Discover the Gift of Organ Donation, Part 2

Photo of Jeremy Zeiders, PSL/donor family supports coordinator at Center for Organ Recovery & Education (CORE)

Presented by Jeremy Zeiders, PSL/donor family supports coordinator at Center for Organ Recovery & Education (CORE)

April is National Donate Life Month (NDLM), a month commemorating those who have received transplants, recognizing those who continue to wait, honoring donors and donor families, and thanking registered donors for giving hope.

Does My Social and/or Financial Status Play Any Part in Whether or Not I Will Receive an Organ If I Ever Need One?

A national system matches available organs from the donor with people on the waiting list based on many factors, including blood type, body size, how sick they are, distance from the donor hospital, and time on the list. Race, income, gender, celebrity, and social status are never considered.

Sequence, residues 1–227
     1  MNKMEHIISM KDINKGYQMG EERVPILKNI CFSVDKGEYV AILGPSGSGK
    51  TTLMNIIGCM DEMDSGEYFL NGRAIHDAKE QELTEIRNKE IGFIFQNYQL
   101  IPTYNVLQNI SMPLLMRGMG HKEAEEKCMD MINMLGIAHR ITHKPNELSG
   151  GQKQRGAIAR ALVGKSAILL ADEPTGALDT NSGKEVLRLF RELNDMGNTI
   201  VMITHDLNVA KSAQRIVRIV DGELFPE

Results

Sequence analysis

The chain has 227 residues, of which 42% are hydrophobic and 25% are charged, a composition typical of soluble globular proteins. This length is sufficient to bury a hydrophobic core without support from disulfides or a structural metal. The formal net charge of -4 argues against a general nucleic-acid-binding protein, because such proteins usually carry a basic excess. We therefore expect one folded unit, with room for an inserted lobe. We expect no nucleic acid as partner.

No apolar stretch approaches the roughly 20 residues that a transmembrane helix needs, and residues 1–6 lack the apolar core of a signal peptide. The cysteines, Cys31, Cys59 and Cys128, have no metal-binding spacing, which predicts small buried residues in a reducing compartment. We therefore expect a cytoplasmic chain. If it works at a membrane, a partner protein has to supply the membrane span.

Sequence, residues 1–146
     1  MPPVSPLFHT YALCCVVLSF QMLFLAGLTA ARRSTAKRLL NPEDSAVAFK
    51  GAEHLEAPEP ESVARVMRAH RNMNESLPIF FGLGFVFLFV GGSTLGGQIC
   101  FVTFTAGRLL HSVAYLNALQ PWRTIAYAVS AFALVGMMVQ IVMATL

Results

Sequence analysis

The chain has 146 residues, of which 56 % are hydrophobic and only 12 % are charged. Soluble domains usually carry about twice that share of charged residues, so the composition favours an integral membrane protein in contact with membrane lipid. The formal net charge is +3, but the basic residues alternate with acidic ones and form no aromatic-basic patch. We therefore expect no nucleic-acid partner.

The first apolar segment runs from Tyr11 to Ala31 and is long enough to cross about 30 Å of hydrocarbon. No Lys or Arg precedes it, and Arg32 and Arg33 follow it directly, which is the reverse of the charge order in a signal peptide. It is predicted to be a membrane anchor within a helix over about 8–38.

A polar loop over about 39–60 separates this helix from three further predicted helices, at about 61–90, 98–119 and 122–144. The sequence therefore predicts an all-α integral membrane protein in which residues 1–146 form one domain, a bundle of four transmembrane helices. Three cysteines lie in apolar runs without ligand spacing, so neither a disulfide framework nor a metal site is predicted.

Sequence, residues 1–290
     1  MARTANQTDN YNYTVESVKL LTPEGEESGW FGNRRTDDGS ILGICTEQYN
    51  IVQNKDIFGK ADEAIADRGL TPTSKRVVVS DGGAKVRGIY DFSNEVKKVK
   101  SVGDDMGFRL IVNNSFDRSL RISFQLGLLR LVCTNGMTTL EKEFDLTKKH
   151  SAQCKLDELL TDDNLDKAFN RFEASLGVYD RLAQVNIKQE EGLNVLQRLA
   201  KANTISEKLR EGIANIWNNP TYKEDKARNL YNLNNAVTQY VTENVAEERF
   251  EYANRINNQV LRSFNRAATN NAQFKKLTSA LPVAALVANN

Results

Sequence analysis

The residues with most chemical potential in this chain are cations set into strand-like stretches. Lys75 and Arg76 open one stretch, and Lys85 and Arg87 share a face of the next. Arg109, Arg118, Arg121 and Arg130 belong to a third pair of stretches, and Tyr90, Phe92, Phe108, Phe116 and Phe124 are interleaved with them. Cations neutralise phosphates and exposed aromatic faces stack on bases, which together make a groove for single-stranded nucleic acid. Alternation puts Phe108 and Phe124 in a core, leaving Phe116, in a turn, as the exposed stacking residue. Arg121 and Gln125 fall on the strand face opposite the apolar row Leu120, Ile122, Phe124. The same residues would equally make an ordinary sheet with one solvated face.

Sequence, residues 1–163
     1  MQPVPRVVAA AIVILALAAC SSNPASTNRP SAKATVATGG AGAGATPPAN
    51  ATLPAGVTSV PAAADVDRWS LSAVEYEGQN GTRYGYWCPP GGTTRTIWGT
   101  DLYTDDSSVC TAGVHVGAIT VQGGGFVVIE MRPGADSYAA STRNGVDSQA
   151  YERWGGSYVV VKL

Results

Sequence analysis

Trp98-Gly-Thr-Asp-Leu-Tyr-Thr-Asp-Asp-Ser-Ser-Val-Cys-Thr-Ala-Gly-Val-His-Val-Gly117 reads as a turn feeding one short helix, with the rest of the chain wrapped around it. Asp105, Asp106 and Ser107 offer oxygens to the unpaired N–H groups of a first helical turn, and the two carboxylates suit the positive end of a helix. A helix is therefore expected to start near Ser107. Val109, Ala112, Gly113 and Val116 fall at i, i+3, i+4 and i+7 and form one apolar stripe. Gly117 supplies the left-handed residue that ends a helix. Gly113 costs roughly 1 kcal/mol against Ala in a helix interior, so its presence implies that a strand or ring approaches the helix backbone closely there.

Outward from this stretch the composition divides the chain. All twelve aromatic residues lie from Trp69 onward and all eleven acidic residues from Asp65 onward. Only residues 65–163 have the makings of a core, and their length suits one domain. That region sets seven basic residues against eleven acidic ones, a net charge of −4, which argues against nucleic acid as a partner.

Is There a Cost to Be an Organ, Tissue, and Cornea Donor?

There is no cost to the donor’s family or estate for donation. The donor family pays only for medical expenses before death and costs associated with funeral arrangements.

Why Should I Register My Decision to Be a Donor?

Most Americans support donation as an opportunity to give life and health to others. Unfortunately, many people overlook the important step of registering as a donor. Donors are often people who die suddenly and unexpectedly. Their families are then faced with making the decision at a time of shock and grief. Registering relieves your family of this burden. Organ, tissue, and cornea donors can save up to eight lives and heal the lives of more than 75 people; your registration symbolizes hope to patients waiting, and sharing it with your family lets them know your decision.

This National Donate Life Month, we ask the public to be part of this interconnected, life-sustaining community by registering as an organ, tissue, and cornea donor; and championing the Donate Life cause. Visit and enter the necessary registration information online. It only takes about a minute.

Continue learning about the gift of organ donation in Part 1 and Part 3.

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